While expressing her views on reading, Virginia Woolf emphasises that, whereas we should follow our instincts in reading rather than having someone else dictate the way in which we experience a literary piece, we should also avoid falling into the trap of projecting our pre-conceived ideas and judgements onto a piece of writing immediately, and instead, at first, decrease the volume of our critical voice in order to embrace the author’s voice and the creative process, to open our minds and let the thoughts of another flow into them. Afterwards, as cultivated readers, we can ponder on underlying themes and psychoanalytical symbolism, stylistic categorisations, meta-references, the larger aesthetic value of the work, character development, feminist interpretations and critiques, and the historical, socio-cultural, political or conceptual frameworks. As a Literature and Film graduate, I have found that temporarily tuning out certain aspects of this critical side that became a natural inclination in my reading is ideal if I wish to retain the pleasure of the act and to prevent disillusionment. Otherwise- and I have known Literature and Film students at university who faced such concerns- the enjoyment of a piece of writing or art in general might be diminished. When we let ourselves be fully engrossed by the words, something pure and beautiful happens: we disappear and live within a story, we allow ourselves to be bewitched by lyricism, to recognise the emotions evoked in a poem, to let them inspire us; we perceive and visualise the world conceived by another mind, unfolding within our own mind. That is when we can identify with a character, as well as finding traces of this character within ourselves, savouring every mental image, finding something interesting and revealing in every echo while devouring a good book. This way, we shift from clichés to something more intimate, from patterns of thinking to a unique taste of and insight into individual consciousness.

During literary studies at university, our way of reading pieces of literature is, indeed, interestingly shaped, to a certain degree, by the modules we opt for and their structure, particularly the recommended critical interpretations and analysis of the works in question or, more broadly, of literary movements, periods, and other divisions. Once you place everything in a cultural, social, or historical context, or consider the psychoanalytical dimensions of a text, or interpret narratives from a feminist point of view, it can influence your process of experiencing other works and how you delve into them. This aspect is also facilitated by a tendency towards syntopical or comparative reading, which is recommended within an academic context- particularly in analysing critical theory books and essays- and rightfully so, since it is a useful tool for finding your own voice, forming your own opinions, gaining perspective, and developing critical thinking skills which are so essential in various areas of life. As a result, while reading prose fiction for instance, our minds may involuntarily jump to underlying commentaries and themes, paying more attention to connotations of nuances and how they fall into a wider sociocultural, ideological, or psychological framework. This may seem like a double-edged sword because it appears to be in contrast to the previous idea of experiencing a written story viscerally, intimately. However, as previously mentioned, the mind can be trained to read differently for pleasure, inspiration, or educational purposes and everyone can shift between different methods of reading.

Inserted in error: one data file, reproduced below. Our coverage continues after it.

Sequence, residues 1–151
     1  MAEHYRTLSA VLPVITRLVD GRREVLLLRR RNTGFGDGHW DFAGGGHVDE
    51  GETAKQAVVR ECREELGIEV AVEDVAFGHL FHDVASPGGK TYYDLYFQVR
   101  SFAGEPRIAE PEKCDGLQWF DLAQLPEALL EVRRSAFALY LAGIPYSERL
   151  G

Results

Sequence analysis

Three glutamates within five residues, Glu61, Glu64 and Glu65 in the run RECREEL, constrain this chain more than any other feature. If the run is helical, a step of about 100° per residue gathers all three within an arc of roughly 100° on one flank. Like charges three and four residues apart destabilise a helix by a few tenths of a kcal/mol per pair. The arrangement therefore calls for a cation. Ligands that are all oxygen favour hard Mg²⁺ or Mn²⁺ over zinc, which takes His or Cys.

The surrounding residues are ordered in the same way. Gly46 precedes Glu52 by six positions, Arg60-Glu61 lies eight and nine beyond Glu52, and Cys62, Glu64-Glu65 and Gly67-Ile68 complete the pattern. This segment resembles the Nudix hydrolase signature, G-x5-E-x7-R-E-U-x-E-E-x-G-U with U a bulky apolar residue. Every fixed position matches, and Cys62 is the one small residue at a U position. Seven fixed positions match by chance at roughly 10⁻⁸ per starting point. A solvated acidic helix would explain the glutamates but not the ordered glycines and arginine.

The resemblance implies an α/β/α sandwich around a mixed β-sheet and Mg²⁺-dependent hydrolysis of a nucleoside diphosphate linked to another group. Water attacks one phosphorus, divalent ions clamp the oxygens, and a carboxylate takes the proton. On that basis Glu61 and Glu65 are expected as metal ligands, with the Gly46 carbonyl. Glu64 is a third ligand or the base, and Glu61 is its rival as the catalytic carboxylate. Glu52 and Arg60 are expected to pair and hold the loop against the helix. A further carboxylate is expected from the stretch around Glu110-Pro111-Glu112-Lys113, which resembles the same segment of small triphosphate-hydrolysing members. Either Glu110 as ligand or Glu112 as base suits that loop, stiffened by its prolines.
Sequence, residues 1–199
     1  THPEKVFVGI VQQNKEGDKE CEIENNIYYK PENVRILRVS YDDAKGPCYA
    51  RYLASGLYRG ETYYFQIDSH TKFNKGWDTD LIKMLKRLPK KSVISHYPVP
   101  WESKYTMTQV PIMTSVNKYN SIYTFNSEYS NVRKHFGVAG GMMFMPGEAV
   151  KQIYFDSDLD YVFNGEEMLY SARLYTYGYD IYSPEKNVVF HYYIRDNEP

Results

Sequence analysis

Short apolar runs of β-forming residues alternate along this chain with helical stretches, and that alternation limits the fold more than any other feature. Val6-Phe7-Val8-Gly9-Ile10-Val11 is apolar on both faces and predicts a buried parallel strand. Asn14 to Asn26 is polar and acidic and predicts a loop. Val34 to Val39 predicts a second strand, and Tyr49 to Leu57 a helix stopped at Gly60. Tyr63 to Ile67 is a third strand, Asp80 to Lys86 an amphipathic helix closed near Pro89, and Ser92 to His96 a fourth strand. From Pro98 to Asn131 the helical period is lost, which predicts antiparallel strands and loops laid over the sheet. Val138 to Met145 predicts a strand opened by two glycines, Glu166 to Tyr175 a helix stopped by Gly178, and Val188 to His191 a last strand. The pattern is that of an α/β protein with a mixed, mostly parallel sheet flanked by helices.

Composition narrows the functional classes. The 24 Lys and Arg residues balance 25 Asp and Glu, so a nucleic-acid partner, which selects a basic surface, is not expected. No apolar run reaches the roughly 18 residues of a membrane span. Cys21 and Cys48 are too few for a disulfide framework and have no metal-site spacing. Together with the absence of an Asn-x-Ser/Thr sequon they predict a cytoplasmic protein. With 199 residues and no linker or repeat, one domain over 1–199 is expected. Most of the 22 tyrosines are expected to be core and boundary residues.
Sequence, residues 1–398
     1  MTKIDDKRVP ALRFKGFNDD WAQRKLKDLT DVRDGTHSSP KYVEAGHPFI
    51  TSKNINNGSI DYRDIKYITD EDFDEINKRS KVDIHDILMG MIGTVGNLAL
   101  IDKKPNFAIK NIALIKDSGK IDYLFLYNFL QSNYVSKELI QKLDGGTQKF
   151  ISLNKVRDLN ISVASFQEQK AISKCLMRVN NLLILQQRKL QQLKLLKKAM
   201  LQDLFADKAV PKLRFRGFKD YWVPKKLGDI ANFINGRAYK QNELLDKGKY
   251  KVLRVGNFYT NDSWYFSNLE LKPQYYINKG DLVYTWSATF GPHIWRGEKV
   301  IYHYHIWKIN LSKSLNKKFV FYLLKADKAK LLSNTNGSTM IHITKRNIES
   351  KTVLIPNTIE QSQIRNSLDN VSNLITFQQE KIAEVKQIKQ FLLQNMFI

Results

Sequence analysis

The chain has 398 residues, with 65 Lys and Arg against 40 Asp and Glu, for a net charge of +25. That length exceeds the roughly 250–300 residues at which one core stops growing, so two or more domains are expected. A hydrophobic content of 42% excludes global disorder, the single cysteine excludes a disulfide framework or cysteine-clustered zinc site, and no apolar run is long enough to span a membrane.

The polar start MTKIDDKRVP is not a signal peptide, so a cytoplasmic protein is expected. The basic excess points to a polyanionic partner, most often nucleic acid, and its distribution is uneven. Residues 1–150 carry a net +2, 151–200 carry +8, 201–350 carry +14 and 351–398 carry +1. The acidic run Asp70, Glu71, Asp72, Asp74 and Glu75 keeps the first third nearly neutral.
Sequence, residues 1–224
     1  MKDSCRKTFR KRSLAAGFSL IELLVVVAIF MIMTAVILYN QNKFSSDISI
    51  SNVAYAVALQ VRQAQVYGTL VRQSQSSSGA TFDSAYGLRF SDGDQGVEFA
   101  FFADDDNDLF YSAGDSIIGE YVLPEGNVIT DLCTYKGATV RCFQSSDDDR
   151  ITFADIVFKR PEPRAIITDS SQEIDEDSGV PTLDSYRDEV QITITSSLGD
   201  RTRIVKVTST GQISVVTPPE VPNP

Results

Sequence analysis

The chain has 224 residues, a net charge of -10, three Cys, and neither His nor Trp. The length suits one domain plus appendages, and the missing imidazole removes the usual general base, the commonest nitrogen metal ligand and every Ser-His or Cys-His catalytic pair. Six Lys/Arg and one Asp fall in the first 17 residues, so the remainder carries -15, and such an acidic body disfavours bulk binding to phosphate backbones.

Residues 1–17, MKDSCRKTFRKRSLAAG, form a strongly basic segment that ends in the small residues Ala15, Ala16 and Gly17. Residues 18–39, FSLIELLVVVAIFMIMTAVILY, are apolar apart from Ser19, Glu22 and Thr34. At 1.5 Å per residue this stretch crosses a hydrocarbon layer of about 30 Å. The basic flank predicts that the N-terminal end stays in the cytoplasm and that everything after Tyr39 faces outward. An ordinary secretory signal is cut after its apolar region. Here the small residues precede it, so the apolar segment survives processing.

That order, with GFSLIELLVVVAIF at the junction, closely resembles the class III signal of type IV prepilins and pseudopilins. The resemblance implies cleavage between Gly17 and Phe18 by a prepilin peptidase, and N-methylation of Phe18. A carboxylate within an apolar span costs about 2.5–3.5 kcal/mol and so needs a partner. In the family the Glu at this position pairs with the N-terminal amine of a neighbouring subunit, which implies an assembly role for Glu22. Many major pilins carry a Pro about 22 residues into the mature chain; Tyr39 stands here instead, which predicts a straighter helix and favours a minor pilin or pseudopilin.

Placing a literary piece into the complex puzzle of history, can be particularly revealing and useful, for instance, when we read literature associated with silenced voices and with otherness: such literary works give us the chance to get an insight into the psyche of figures whose lives seem so distinct from ours and explore uncharted mental territories, an inner journey which will also prove to be self-revealing, whilst at the same time requiring transcendence. Reading can, indeed, often initiate us into a ritual of self-transcending. Language mediates our connection with our own selves as much as it mediates our connection with the world around us. Reading can be viewed as a process of merging contrasts: between temporality and atemporality, the tangible and the incorporeal, presence and absence, closeness and remoteness, self and other, the intimate and the universal, the evanescent and the eternal, a grasped world and an elusive one.